I-Sight

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Overview

Rastafari is one of the most significant yet least understood new religious movements in the twentieth century. Originating in Jamaica in the 1930s, it has evolved into a popular international phenomenon. Yet scholars have continued to view Rastafari in a marginal way as an other-worldly, fragile, or avant-garde social emergent. This book argues, rather, that Rastafari represents a transformative consciousness of "I-Sight" which is paradigmatic of a new social ethic. This ethic reflects a distinctive ...
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Overview

Rastafari is one of the most significant yet least understood new religious movements in the twentieth century. Originating in Jamaica in the 1930s, it has evolved into a popular international phenomenon. Yet scholars have continued to view Rastafari in a marginal way as an other-worldly, fragile, or avant-garde social emergent. This book argues, rather, that Rastafari represents a transformative consciousness of "I-Sight" which is paradigmatic of a new social ethic. This ethic reflects a distinctive self-understanding (I-n-I), lifestyle (livity), and center of value (Ethiopia). The author is the first researcher to interpret Rasta poetry and song lyrics in relation to systematically constructed concepts of Jamaican religion and culture. Analyzing the meaning of key symbols in a wide cross-section of dub and other Rasta poetic expressions in the past quarter century, he explains many of the ambiguities and inconsistencies in the previous scholarship on Rastafari. As an interpretive sociological account of Rastafarian ethics, the book should be of interest to students and scholars in cultural analysis, Caribbean Studies, new religious movements and ethics, as well as students of English literature and aesthetics.
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Editorial Reviews

Theology Digest
His extensive research into their [Rastafarians] lives and beliefs, and especially their poetry, shows that they are misunderstood because they are contercultural, egalitarian and without organized structure.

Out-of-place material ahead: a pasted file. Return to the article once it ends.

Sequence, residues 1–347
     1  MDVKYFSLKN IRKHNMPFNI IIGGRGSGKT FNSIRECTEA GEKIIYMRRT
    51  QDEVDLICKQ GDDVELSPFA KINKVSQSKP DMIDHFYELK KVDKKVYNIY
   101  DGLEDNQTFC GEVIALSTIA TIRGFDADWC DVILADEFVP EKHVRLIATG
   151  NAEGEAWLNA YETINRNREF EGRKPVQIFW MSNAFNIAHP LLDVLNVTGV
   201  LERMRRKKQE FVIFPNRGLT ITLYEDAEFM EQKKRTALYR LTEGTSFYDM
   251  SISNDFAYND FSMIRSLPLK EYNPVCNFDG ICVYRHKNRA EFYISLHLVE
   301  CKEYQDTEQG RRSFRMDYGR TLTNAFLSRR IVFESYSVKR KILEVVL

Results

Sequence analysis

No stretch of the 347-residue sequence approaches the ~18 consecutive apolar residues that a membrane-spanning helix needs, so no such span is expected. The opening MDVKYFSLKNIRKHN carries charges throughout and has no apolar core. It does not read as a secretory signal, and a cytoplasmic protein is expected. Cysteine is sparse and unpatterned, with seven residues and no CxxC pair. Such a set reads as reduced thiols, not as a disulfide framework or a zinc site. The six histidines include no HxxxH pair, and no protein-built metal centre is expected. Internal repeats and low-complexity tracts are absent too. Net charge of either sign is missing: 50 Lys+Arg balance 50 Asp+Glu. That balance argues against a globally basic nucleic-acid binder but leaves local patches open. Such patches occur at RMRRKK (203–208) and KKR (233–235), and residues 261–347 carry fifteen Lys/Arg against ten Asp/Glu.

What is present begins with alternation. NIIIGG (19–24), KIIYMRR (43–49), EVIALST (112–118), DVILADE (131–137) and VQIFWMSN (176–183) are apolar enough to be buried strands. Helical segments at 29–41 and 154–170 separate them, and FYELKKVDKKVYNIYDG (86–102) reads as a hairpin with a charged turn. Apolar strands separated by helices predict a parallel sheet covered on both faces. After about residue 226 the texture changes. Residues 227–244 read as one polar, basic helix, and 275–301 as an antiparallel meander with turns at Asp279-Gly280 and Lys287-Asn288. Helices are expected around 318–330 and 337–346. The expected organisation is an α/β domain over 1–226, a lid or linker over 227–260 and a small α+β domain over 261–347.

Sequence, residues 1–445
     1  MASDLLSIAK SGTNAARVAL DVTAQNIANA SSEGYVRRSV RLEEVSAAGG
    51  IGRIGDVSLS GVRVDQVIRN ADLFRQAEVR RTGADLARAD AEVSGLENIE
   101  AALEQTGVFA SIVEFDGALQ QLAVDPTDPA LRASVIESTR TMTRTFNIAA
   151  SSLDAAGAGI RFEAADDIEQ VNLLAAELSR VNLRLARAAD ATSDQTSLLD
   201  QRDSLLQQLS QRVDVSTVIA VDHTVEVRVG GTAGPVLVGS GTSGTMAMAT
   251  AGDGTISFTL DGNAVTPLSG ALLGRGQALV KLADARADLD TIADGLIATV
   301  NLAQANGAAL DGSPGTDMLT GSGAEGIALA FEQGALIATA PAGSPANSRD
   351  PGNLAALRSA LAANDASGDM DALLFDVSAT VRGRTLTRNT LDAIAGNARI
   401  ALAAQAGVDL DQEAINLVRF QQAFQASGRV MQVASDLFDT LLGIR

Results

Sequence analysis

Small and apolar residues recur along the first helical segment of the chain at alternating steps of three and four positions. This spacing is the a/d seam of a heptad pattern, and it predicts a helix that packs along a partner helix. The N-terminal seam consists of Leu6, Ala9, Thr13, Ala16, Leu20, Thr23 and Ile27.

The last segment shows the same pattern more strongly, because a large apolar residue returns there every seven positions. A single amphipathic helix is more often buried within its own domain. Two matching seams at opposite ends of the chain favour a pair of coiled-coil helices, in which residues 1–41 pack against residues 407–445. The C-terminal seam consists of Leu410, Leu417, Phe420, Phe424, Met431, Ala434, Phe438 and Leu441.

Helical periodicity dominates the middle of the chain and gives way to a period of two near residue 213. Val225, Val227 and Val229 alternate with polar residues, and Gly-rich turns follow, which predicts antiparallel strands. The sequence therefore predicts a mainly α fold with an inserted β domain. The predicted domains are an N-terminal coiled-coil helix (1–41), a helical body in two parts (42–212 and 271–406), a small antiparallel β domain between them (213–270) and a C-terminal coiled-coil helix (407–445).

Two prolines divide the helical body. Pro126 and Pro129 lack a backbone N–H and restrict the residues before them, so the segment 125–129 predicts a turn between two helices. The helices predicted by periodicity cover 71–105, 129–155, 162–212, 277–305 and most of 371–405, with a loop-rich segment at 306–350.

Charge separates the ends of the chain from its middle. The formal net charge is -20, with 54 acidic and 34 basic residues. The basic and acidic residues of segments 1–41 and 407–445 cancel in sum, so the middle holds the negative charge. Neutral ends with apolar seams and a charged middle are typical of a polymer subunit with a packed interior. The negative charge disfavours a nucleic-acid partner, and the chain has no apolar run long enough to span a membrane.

Booknews
Originating in Jamaica in the 1930s, Rastafari is one of the most significant yet least understood new religious movements of the 20th century, having been marginalized and having received little serious study. Johnson-Hill argues that Rastafari represents a transformative consciousness which is paradigmatic of a unique social ethic reflecting a distinctive self-understanding, lifestyle, and center of values. Annotation c. Book News, Inc., Portland, OR (booknews.com)
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Product Details

  • ISBN-13: 9780810828957
  • Publisher: The Scarecrow Press, Inc.
  • Publication date: 8/28/1998
  • Series: ATLA Monograph Series , #35
  • Pages: 422
  • Product dimensions: 5.84 (w) x 9.02 (h) x 1.40 (d)

Meet the Author

Jack Johnson-Hill is Visiting Professor of Ethics in the Faculty of Theology, University of Durban-Westville (South Africa).
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Table of Contents

Series Editor's Foreword
Preface
Acknowledgments
Pt. I Introduction to Rastafari and the Scholarship on the Movement
1 Origins and Development 3
Who is a Rastafarian? 3
The Social and Cultural Context: Afro-Jamaican Consciousness in Plantation America 9
The Birth of a Movement 17
Rastafari Today: A New Consciousness 22
2 The Scholarship on Rastafari: The Problem of Impenetrability 41
The Seminal Ethnographic Research 42
The Major Sociological Studies 49
The Public Policy Commentaries 54
Pt. II The Theoretical Perspective: The Life-World
3 Contours of the Life-World and the Rasta Poetic Symbol 69
Toward a Definition of Symbol 73
Rasta Symbols as Afro-Caribbean Poetry 76
4 Everyday Life as Liminal Process 91
Liminality as Social Scientific Construct 92
Liminal Consciousness in Afro-Jamaican History 98
Liminal Consciousness in Contemporary Experience 105
5 Religion as Trans-Social Context 121
Toward a Definition of Religion 121
Religious Consciousness in a Liminal Arena 128
Rastafari as a Liminal Religious Awareness 131
Pt. III The Disclosure of the World of Rastafari
6 The Concept of Self: I-n-I 143
Roots Are I 144
I Dwelling with the Poor 159
I Sight 179
7 The Lifestyle: Livity 201
The I-tal Ethos 202
I-n-I Come to Recreate 216
Reflection in Red 235
8 The Vision of Good and Evil: From Babylon to Ethiopia 257
Chanting Down Babylon 257
Ipatriation to Ethiopia 279
Pt. IV Conclusion: A Summary of the Argument and Implications for Research
9 Rastafari in Sociological and Ethical Perspective 307
Rastafari in Retrospect 307
Implications for the Sociology of Religion 316
Rastafari as a Resource for Social Ethics 327
Appendix A: The English-Speaking Caribbean Tradition of Poetry 341
Appendix B: The Source Materials: Rastafarian Poetry 349
Bibliography 353
Index 387
About the Author 399
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Sort by: Showing 1 Customer Reviews
  • Anonymous

    Posted November 19, 2005

    InI

    It is impossible to fully overstand InI culture. For one theres the fact that we do not originate nor were we first seen in Jamaica. The reader should know that as long as we serve His Majesty, there will be people who try to overmine or undermine us. We who are called Rasta, have served under every Emperor since Makeda's son, and we will continue our tradition regardless of how any society views us. Everyday spent in this world brings new blessings and wealth, and we are ever thankful of these blessings from JAH. My advice is that you come to Zion and see for yourself. No book or picture can capture the beauty of Rastafari.

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